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3 Big Things Today, July 11

Grains, Beans Slightly Lower Overnight; Ethanol Production Falls to Lowest in Five Weeks.

1. Grains, Beans Slightly Lower Ahead of WASDE

Grains and soybeans were slightly lower in overnight trading ahead of today’s World Agricultural Supply and Demand Estimates (WASDE) Report.

Corn inventories at the end of the 2019-2020 marketing year that starts on September 1 are pegged at 1.692 billion bushels, up from 1.675 billion a month earlier, researcher Allendale said. Soybean stockpiles likely will be pegged at 812 million bushels, well below last month’s 1.072 billion.

Weather also is a hot topic, as temperatures in parts of the Midwest are in the 90s with heat indexes topping 100˚F.

In parts of Nebraska, fields and towns are flooded after as much as a foot of rain fell in the past few days, pushing rivers and tributaries over their banks.

The corn crop was rated 57% good or excellent as of Sunday, which is up from 56% last week, the USDA said in a report. That’s still well below last year’s 75% that earned top ratings at this point in 2018.

Soybeans were 53% good or excellent at the start of this week, down from 54% seven days earlier, the government said. Last year at this time, 71% had earned top ratings.

Corn futures for December delivery fell 2¢ to $4.37½ a bushel overnight on the Chicago Board of Trade.

Wheat for September delivery lost ½¢ to $5.04¼ a bushel, while Kansas City futures declined ½¢ to $4.41 a bushel.

Soybean futures for November delivery fell ¾¢ to $9.12 a bushel overnight. Soy meal fell 60¢ to $317 a short ton, and soybean oil rose 0.05¢ to 28.61¢ a pound.

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2. Ethanol Production Drops to Five-Week Low, Inventories Rise to Highest Since Mid-May

Ethanol production plunged to the lowest level in five weeks while inventories increased.

Output in the seven days that ended on July 5 averaged 1.047 million barrels a day, down from 1.081 million barrels the previous week and the lowest since May 31, according to the U.S. Energy Information Administration.

Production in the Midwest, by far the largest-producing region, dropped to an average of 967,000 barrels a day from 1.003 million the previous week. Last week’s total also was the lowest since May 31, the EIA said in a report.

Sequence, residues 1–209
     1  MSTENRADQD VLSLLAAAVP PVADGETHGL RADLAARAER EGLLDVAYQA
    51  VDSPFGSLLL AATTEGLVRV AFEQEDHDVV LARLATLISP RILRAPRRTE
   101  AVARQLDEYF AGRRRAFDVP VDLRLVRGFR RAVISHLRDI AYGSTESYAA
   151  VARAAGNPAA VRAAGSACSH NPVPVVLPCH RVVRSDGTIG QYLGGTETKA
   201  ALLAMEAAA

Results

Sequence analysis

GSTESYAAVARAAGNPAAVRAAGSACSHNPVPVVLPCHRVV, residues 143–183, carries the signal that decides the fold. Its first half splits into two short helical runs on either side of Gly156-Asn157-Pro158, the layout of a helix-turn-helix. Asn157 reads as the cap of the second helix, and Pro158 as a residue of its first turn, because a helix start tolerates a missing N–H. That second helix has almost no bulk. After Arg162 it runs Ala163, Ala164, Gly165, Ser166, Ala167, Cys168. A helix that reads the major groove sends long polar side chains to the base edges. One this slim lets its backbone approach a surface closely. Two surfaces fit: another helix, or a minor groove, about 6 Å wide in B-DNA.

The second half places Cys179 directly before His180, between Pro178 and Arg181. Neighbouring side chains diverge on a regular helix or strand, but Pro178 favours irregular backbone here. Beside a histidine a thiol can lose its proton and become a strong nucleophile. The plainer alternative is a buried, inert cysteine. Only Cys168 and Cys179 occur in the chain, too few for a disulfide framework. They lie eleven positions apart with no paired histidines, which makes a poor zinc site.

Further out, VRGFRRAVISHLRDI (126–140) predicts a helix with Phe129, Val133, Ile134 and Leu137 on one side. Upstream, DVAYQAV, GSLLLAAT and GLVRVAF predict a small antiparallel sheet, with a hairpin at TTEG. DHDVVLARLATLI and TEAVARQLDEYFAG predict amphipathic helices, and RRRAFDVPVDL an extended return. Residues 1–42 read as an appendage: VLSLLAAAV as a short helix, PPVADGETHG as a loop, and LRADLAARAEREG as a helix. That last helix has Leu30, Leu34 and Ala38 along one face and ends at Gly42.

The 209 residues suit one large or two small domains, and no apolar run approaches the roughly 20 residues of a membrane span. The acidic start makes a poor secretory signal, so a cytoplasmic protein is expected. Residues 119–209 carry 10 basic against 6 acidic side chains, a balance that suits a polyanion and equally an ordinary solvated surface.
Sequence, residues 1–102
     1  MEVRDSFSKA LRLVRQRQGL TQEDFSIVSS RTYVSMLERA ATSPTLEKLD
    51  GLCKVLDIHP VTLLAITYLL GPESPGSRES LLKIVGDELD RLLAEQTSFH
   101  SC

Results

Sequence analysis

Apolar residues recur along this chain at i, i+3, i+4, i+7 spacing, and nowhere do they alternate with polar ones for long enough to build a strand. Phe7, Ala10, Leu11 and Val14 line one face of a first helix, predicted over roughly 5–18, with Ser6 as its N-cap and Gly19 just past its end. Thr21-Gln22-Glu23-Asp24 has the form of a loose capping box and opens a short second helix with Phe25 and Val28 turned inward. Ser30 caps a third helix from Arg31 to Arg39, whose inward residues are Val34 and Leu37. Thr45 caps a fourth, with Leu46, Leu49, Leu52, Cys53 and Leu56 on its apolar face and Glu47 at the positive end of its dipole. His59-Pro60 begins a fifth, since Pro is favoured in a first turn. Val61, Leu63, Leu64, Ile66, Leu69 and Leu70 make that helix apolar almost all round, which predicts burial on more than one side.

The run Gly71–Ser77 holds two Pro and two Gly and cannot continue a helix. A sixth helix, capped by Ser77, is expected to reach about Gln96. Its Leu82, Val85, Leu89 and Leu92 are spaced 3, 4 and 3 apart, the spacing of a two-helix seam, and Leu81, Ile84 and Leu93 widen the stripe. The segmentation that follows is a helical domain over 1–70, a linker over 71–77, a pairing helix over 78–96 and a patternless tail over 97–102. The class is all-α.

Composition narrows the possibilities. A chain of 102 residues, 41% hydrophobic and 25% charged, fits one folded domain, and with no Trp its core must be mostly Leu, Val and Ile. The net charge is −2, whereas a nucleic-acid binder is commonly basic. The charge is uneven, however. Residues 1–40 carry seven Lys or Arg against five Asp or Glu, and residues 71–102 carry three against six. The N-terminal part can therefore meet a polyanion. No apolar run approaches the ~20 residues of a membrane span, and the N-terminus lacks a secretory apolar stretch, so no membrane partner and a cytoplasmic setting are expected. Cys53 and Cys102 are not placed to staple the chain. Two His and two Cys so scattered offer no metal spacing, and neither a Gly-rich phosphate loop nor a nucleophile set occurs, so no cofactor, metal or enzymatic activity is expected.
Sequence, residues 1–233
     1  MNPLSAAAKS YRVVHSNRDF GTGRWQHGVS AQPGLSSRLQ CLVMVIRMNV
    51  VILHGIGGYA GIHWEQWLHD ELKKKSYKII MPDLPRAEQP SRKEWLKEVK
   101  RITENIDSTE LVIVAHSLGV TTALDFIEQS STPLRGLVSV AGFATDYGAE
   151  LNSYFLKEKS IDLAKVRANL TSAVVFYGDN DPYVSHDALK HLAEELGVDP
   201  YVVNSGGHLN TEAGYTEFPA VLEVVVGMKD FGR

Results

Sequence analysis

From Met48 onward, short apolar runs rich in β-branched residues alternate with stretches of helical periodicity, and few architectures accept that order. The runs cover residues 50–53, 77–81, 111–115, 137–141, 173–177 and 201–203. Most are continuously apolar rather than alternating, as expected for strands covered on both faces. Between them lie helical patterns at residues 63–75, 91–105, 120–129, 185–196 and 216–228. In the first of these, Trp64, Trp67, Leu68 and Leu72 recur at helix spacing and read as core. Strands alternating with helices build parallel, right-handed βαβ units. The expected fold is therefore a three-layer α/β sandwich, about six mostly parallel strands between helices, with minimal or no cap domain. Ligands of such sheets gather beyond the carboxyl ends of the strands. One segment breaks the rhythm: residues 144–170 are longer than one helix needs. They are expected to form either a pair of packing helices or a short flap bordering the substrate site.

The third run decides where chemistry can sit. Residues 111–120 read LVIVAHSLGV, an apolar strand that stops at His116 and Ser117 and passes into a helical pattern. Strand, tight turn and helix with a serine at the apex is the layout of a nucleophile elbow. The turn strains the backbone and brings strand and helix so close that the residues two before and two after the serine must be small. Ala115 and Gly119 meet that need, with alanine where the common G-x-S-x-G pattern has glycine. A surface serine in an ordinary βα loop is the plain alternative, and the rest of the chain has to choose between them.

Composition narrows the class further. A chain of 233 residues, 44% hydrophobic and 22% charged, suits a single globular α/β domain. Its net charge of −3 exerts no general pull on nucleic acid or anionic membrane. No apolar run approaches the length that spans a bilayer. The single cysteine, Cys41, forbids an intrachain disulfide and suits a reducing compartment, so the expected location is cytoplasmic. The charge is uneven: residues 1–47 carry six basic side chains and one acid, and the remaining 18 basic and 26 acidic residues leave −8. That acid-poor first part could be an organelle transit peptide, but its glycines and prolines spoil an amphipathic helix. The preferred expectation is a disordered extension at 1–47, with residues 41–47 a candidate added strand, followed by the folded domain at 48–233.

East Coast output declined by 2,000 barrels to an average of 25,000 barrels a day, and West Coast production dropped by 1,000 barrels to 17,000 a day, on average.

Gulf Coast production, meanwhile, rose to 24,000 barrels a day, on average, from 20,000 the previous week, and Rocky Mountain output increased to 14,000 barrels a day from 13,000 during the prior seven-day period, the agency said.

Stockpiles, meanwhile, increased for a second consecutive week to 23.009 million barrels.

That’s up from 22.844 million the previous week and the highest level since the seven days that ended on May 17, the EIA said.

In other news, the USDA is scheduled to release its weekly Export Sales Report this morning. Analysts are expecting corn sales of 250,000 to 700,000 metric tons, soybean sales from 250,000 to 750,000, and wheat sales from 250,000 to 550,000 tons, according to researcher Allendale.

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3. Flood Warnings Remain in Effect For Parts of Southern Nebraska, Northern Kansas

Flood warnings continue in parts of south-central Nebraska and northern Kansas this morning after almost a foot of rain fell in the region in the past couple of days, according to the National Weather Service.

“Significant flooding” is expected along several rivers in Nebraska including the Platte and Republican, the NWS said in a report early this morning. Media reports show parts of several towns are under water or face flooding in low-lying areas.

Another round of thunderstorms is forecast for Friday evening into Saturday, and wet weather is expected to continue until at least the middle of next week, the agency said.

Temperatures in the Southern Plains and Midwest have moderated slightly with parts of eastern Oklahoma and western Arkansas, where it’s been extremely hot the past few days, falling back into the 80s for highs.

Still, heat indexes are expected to be around 100˚F. to 103˚F. due to high humidity, the NWS said.

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